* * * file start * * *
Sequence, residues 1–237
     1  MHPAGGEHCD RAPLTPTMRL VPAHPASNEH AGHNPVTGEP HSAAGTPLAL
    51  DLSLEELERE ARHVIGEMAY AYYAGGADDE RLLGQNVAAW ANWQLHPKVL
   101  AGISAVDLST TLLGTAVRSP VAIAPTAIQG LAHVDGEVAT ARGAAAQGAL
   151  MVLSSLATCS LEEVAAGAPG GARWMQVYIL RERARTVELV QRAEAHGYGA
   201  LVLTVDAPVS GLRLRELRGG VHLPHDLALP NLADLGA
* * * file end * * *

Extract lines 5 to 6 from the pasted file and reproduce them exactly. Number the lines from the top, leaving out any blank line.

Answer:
   151  MVLSSLATCS LEEVAAGAPG GARWMQVYIL RERARTVELV QRAEAHGYGA
   201  LVLTVDAPVS GLRLRELRGG VHLPHDLALP NLADLGA